Robots dialing up the fear. With a blackout on election advertisements voters are being hassled by intrusive ‘robocalls’. A bipartisan business group in Queensland is bombarding voters in other states with automatic calls warning against Labor’s mining tax. WA Today outed the Chamber of Commerce and Industry Queensland (CCIQ) as the source behind the calls.

South Australian residents who received the automated voice messages have called them “alarmist” in urging an anti-ALP vote. CCIQ President David Goodwin told Crikey the non-government enterprise took exception from both parties from time to time and that “…CCIQ over recent years has gone to significant lengths to be a balanced, representative and non partisan organisation.” When asked whether the company was specifically anti-Labor, Goodwin replied: “We take offense to the mining tax issue … take that how you will.”

But as with all things political, this is not a one-sided operation. Annabel Crabb on ABC’s The Drum reported that Labor had also engaged the services of robocalls through the seat of Wright in south-east Queensland in a direct campaign against Liberal candidate Scott Buchholz. Similarly, The Australian reports a Labor-fuelled anti-Greens message, conducted through robocalls made way back in March this year. — Crikey intern Jasmin Pfefferkorn

Australian election? The world doesn’t care. It seems the rest of the world is as underwhelmed as we are over the choice of leaders in our federal election. International newspapers have decided earlobes and crocodiles are more interesting. As The Guardian wrote last week: “the campaign seems more concerned with the campaign than anything.”

The London paper noted: “So far it has been a very negative election campaign, with both sides prepared to criticise the other but not stick their own necks out on any sort of visionary policy… A uniform swing of 2.3% across the country is all it will take to change the government. The polls suggest the race is neck and neck, and neither side wants to risk getting voters offside.”

The Guardian‘s Simon Tisdall has also written about the gender question in this election: “…the Venus versus Mars narrative obscures a political black hole: no one is entirely sure what the election is about or why it is even being held.” He goes on to say: “There are several possible explanations why Julia Gillard … is losing support as the 21 August general election nears. The most controversial is that it’s because she is a woman.” Tisdall also draws attention to Gillard’s earlobes, but keeps things fair by saying that Abbott “has funny ears too”.

Our friends in America have largely ignored us. At the New York Times not much was said about the Australian election, but they did find room to note that: “Ms. Gillard … is widely viewed as a hard worker and a clear communicator, despite being routinely mocked for her ever-changing hairstyles and broad nasal accent.” The Washington Post linked Labor to the American Democratic Party, and the Liberals to the Republicans. Op-ed writer E.J. Dionne Jr. wrote: “…her Labor Party will be using a central argument that U.S. Democrats hope to invoke against the Republicans … Abbott’s party is running on themes the Republicans hope to use here.”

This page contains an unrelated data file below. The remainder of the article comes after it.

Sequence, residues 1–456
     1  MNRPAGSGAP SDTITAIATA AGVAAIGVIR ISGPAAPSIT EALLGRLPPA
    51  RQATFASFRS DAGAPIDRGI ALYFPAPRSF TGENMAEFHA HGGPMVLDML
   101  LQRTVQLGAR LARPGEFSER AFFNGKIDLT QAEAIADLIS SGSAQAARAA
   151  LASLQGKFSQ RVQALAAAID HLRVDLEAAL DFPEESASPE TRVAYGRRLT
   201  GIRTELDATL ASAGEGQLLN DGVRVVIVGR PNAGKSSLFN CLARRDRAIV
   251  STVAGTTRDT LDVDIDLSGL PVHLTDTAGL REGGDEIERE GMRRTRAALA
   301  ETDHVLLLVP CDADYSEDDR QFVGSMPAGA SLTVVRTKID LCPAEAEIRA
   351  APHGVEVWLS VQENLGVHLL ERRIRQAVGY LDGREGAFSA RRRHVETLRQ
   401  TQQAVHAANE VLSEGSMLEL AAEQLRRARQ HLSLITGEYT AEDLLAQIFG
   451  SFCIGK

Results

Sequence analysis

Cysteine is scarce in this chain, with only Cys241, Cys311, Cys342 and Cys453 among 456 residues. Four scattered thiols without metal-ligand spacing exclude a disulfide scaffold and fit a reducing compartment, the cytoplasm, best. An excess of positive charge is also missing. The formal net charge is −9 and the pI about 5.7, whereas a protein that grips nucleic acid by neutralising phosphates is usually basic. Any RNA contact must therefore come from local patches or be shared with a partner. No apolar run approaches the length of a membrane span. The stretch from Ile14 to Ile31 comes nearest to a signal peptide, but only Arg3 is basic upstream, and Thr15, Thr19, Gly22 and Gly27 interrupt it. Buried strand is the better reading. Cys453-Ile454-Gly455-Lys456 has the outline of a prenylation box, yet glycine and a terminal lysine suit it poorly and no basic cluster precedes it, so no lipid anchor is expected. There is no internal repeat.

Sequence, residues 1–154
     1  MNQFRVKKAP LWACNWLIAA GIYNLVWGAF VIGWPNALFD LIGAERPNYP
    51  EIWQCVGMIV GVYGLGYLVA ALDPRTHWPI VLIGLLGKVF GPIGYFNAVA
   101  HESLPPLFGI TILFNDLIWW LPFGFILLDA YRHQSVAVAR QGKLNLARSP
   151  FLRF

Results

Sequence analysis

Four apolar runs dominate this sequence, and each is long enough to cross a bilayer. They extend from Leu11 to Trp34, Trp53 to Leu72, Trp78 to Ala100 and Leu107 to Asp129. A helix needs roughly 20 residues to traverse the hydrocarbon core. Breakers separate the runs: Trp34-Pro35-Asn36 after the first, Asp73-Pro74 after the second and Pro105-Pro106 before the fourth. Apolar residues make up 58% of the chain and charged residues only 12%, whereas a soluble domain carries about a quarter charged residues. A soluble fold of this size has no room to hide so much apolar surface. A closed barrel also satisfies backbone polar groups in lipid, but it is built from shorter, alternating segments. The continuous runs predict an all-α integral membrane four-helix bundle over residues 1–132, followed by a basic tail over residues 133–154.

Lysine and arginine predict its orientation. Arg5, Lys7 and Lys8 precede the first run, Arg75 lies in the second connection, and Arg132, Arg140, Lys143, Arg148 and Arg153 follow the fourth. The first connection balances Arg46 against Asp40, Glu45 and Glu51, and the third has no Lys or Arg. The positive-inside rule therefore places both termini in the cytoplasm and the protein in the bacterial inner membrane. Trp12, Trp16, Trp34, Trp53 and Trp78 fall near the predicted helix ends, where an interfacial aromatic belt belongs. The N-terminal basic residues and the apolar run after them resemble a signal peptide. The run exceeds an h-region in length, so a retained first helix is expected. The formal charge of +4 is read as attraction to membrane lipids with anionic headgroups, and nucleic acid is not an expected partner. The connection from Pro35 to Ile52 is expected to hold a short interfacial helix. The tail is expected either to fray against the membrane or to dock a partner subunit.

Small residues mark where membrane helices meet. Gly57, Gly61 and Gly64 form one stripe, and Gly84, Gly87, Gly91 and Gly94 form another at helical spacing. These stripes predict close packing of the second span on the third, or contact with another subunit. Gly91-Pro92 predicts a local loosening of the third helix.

China’s People’s Daily noted Gillard’s declaration of the economy being central to the campaign, while the Sri Lankan Daily Mirror was mainly concerned about the effect of Australia’s election on migration policies. In France at the Herald de Paris, psychic animals were still a la mode, with Paul the octopus shunned in favour of crocodile Harry, a Darwin croc who has predicted a Labor win. Crocodile coverage was also one of the main ‘Australian election’ stories in the Ethiopian Review. — Crikey intern Jasmin Pfefferkorn

Next up: Lady Gaga announces her support for Abbott. What is it with random international celebrities offering up their voting tips to the nation? A few week’s ago we had singer Kelly Rowland revealing she supported women leaders, so supported Julia Gillard. Model Jerry Hall let ABC’s Stateline know who she’s gunning for in tomorrow’s election: Gillard, because she’s sexy. “She’s attractive, your prime minister. Very attractive,” says Hall.

Bookie Watch. The swing is on — in punting circles anyway — with a late plunge coming for the Coalition at Sportingbet Australia. Tony Abbott has been backed into $3.15 from $3.60, with a lot of money being placed on Coalition wins in marginal seats in New South Wales, Queensland and Western Australia. Sportingbet Australia CEO Michael Sullivan said Labor, who have drifted from $1.28 to $1.35, looked a certainty just a week ago when some enormous bets arrived for them but things had changed in the last 24 hours. “Bets of $10,000 and $5000 have been rolling in all morning for the Coalition and we haven’t taken a single decent bet on Labor in two days,” Sullivan said.

Who ratted on Kev? Some humour has returned to the election campaign up here in Leichhardt. It has actually prompted a fair bit of discussion around the traps as to what rat f-cked actually meant, because most people just assumed it to be an offensive throw-away line. Apparently not so. A bit of Googling later finds it to be a perfect way to describe poor Kevin’s demise! — a Crikey reader


Humpty Watch. And here’s Scott Morrison doing some last-minute campaigning at the ABC:


Attack ads out West. Here’s a classic scare ad from Western Australia sent in to us by a Crikey reader:


CEC kids go postal. This was being handed out last night at the Oak Park train station in outer Melbourne. I would have thought this pamphlet was being handed out by the Chaser boys or was part of the The Onion if the people handing them out hadn’t been so serious. — a Crikey reader

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